Tossing the Caber and Hammer Throwing at The Gathering 2009, Edinburgh
During the 18th century the ancient Celtic clan system in the Highlands began to break down. The chiefs who had overseen extended families began to be landowners with tenants. The Highland Clearances began in the 1760s, with massive amounts of poverty stricken Scots going overseas to find a better life than as a tenant to a rich landowner. Many were forced off their land, watching their cottages burnt down, to make way for grazing. Whole communities were shipped to Canada, and some emigrated to America, Australia, and New Zealand. Many moved south to the slums of the growing industrial towns and cities. Many ruined clearance cottages can be seen all over the Highlands today.
In total contrast, the turn of the 18th to 19th century saw the 'Age of Enlightenment', with Edinburgh becoming the European centre of the arts, literature, philosophy, and the sciences, medicine, engineering and invention. Scots gave us steam power, gaslight, the telephone, logarithms, pneumatic tyres, television, anaesthesia, penicillin, and tarmac, also bicycles, beta blockers, golf and curling. Many inventions are still in use everyday. The Industrial Revolution saw a boom in engineering and manufacturing. Coal mining peaked in the 1890s, and Scotland was a world leader in shipbuilding. Tourism began with Queen Victoria's fondness of Scotland.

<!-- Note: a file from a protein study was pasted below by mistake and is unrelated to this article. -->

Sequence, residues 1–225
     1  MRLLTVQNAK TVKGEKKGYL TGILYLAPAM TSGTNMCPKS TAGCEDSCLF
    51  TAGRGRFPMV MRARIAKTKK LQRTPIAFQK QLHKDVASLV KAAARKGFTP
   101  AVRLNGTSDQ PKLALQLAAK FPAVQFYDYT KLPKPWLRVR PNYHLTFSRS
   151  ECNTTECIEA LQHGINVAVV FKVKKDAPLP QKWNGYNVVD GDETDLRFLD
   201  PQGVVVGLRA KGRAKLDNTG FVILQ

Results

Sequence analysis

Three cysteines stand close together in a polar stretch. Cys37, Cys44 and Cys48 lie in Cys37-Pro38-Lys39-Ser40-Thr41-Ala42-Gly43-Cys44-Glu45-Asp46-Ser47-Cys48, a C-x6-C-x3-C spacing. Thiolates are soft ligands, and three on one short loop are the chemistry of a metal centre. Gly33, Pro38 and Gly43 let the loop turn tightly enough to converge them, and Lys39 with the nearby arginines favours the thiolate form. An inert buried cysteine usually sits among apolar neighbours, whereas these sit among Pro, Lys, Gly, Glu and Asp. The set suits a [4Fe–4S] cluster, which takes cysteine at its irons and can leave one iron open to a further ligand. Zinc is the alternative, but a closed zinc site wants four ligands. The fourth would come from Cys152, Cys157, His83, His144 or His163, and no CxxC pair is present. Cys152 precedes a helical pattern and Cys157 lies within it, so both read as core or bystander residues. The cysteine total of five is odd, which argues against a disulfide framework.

The Lonach Pipe Band on the Clan Parade, The Gathering 2009
The Scottish National Party started in 1934, and many years later their efforts paid off. Scotland now has its own Parliament, and the Stone of Destiny was repatriated from under the English throne in London in 1996, 700 years after Edward 1st took it there, now on display in Edinburgh Castle alongside the Honours of Scotland.
The Scottish Parliament - Pàrlamaid na h-Alba
The Scottish Parliament new building sits at the bottom of Edinburgh's famous Royal Mile, near Holyrood Park and under Salisbury Crags and Arthur's Seat.
The steel, oak, and granite complex was designed by architect Enric Miralles, inspired by the surrounding landscape, flower paintings by Charles Rennie Mackintosh, and upturned boats on the seashore. A unique feature is the wall of 114 projecting bay windows (shown right) of the Members of Scottish Parliament office building. Termed 'contemplation spaces' by the architect, internally each has a window seat and fitted shelving.